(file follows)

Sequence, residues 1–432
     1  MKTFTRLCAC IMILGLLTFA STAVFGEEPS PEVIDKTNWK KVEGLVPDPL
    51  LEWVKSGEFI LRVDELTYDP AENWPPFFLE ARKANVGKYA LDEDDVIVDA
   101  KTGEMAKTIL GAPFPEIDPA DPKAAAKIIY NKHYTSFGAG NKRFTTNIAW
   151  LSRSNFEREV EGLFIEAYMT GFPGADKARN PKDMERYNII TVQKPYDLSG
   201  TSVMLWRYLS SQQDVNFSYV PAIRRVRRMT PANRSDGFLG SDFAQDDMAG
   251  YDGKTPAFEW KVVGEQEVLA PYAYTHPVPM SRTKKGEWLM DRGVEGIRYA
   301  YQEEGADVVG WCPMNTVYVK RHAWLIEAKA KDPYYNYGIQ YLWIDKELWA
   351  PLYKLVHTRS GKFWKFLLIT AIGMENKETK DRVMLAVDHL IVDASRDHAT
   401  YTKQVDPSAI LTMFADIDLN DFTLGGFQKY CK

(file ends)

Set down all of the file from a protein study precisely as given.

Sequence, residues 1–432
     1  MKTFTRLCAC IMILGLLTFA STAVFGEEPS PEVIDKTNWK KVEGLVPDPL
    51  LEWVKSGEFI LRVDELTYDP AENWPPFFLE ARKANVGKYA LDEDDVIVDA
   101  KTGEMAKTIL GAPFPEIDPA DPKAAAKIIY NKHYTSFGAG NKRFTTNIAW
   151  LSRSNFEREV EGLFIEAYMT GFPGADKARN PKDMERYNII TVQKPYDLSG
   201  TSVMLWRYLS SQQDVNFSYV PAIRRVRRMT PANRSDGFLG SDFAQDDMAG
   251  YDGKTPAFEW KVVGEQEVLA PYAYTHPVPM SRTKKGEWLM DRGVEGIRYA
   301  YQEEGADVVG WCPMNTVYVK RHAWLIEAKA KDPYYNYGIQ YLWIDKELWA
   351  PLYKLVHTRS GKFWKFLLIT AIGMENKETK DRVMLAVDHL IVDASRDHAT
   401  YTKQVDPSAI LTMFADIDLN DFTLGGFQKY CK